In the Western Russian region of Voronezh, the statistics bureau publicized the price developments in the October 20-27 period. Greenhouse vegetables became significantly more expensive, tomato prices increased by 20.6%, cucumbers got 4% more expensive. The average price for tomatoes is 81.18 roubles (1.53 Euro), cucumbers sell for 71.4 roubles (1.35 Euro). Potatoes, carrots and onions also became more expensive. Prices for these products went up by 5%, 2.6% and 1% respectively. Only apples prices went down by 3.5%.

Harvest destroyed by frost
Due to extremely low temperatures, the cabbage harvest in the Ulyanovsk region, east of Moscow, has failed. Between October 23 and 27, the temperature was 7 degrees lower than normal. Growers weren’t prepared for this temperature drop, causing damage to the harvest. Due to the frost, part of the harvest has been lost. According to initial reports, there was around 1,000 tonnes of cabbage out on the field, amounting to a loss of 10 million roubles (196,000 Euro). For now, no price increase for cabbage is expected.

Poland in talks with Singapore
The Polish ambassador met with importers of the SFVA, the association for importers and exporters in Singapore, to discuss import of Polish apples in this Asian market. Results of the discussion are still unknown.

India looking to Moldovan fruit
Indian company Baboobhai Patel is interested in Moldovan apples, plums, peaches and wine. The Indian company works together with several former Soviet republics, and is now showing interest in Moldovan products. The Indian company is exploring possible partnerships, and discussing requirements and regulations. For Moldova, market differentiation is important. The country was hit hard by the boycott.

Romania lowers VAT on fresh produce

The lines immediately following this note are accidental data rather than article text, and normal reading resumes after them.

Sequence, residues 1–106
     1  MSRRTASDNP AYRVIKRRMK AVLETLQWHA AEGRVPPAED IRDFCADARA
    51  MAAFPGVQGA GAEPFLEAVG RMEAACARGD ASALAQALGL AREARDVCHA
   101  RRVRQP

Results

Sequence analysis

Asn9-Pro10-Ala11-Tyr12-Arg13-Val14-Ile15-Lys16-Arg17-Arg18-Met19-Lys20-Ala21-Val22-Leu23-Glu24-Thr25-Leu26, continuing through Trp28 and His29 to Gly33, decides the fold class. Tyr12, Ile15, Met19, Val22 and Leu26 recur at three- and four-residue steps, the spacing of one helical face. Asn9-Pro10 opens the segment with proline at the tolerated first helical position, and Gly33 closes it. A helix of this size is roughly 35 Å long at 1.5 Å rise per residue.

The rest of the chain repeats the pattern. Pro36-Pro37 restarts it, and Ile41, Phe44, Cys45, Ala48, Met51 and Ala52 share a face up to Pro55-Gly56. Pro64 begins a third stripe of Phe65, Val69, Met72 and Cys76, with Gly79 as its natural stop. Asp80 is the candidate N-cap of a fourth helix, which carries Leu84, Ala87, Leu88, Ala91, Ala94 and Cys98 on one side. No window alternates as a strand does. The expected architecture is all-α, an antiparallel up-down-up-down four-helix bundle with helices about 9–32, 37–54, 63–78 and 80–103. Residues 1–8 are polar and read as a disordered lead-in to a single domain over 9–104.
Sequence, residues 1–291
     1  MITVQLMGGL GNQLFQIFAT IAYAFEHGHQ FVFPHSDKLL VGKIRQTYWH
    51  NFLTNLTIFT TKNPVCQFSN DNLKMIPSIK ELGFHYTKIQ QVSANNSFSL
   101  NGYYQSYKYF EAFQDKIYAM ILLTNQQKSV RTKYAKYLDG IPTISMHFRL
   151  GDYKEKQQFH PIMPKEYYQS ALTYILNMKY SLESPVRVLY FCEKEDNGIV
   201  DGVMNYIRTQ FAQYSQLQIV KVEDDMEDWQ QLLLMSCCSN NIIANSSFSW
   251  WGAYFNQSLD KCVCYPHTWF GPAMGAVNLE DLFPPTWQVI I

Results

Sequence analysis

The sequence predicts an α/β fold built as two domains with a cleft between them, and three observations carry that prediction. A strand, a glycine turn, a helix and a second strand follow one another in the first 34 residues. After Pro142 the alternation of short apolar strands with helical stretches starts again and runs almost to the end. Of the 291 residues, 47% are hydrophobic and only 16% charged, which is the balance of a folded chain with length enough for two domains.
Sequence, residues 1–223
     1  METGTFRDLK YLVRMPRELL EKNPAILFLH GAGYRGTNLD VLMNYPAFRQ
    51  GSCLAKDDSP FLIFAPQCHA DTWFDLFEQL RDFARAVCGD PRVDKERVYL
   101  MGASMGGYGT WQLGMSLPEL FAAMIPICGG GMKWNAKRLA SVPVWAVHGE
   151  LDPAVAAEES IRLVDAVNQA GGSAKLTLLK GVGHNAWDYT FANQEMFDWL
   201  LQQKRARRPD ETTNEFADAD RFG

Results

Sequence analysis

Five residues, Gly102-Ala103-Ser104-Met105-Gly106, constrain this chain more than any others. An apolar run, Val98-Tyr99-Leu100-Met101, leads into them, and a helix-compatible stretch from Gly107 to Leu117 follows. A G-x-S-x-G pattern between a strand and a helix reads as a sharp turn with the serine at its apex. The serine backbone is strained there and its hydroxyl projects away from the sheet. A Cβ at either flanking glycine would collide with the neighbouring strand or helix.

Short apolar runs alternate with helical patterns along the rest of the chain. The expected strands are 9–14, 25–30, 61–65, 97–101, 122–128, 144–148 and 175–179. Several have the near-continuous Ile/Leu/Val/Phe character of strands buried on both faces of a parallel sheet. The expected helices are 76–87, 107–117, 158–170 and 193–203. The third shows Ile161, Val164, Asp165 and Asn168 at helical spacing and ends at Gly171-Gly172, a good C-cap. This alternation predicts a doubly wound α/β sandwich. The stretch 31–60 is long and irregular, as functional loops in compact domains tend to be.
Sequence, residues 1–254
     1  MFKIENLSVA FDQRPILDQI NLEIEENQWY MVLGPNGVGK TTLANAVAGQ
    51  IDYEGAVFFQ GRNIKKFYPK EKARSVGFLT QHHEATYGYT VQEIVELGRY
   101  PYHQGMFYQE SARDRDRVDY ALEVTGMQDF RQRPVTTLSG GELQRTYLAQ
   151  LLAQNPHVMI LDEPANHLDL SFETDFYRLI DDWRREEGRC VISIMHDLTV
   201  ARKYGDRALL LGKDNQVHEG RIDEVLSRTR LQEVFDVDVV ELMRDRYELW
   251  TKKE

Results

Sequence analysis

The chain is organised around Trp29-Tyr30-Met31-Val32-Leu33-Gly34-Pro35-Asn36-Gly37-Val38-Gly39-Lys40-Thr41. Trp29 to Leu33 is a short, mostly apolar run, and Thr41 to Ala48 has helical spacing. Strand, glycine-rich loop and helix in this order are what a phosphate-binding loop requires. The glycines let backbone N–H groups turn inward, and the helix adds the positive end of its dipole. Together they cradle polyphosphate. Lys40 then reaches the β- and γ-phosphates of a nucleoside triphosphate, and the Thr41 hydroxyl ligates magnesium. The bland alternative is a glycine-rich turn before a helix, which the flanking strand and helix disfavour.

The Romanian government announced a reduction of VAT on fruit and vegetables next year. This way, the government wants to support the sector. Agriculture is a driving force of economic growth for the country, with production increasing this year, just like last year. A lower VAT rate on bread was successful, which is why fresh produce and meat are now following. The government is also looking to increase consumption through promotional campaigns.

Consumer behaviour changing
Retail chain O’Key Group announced its third quarter results. Revenue increased by 7.2%, and gross profit was 13.8% higher. Over the first nine months of this year, turnover increased by 10.6%. Because of the boycott, consumer behaviour has changed. According to O’Key, consumers are spending less than before. By the way, the supermarket also has few products on offer due to the boycott, which could partially explain decreasing sales.

Iran wants more export to Ural
An Iranian delegation visited Sverdlovsk, in the Ural. During the visit, the Iranians reported wanting to increase export to the region twentyfold. The Iranian delegation, from the Hamadan region, reports wanting to supply nuts, melons and fruit and vegetables to the Ural, with a total volume of 5 million tonnes a year.

Georgian export increased significantly
The past two years, export from Georgia to Russia increased sixfold, the Georgian prime minister says. The total export increased over these years by 24%, export to Europe went up by 70%. According to Georgia, Russia is a promising market, and Europe will follow. Export of vegetables went up by 53% in 2012, export of fruit by 91%. The Russian border was closed for years, but since 2013 export to Russia is possible again. After imposing the sanctions against the West, trade relations between Georgia and Russia have improved.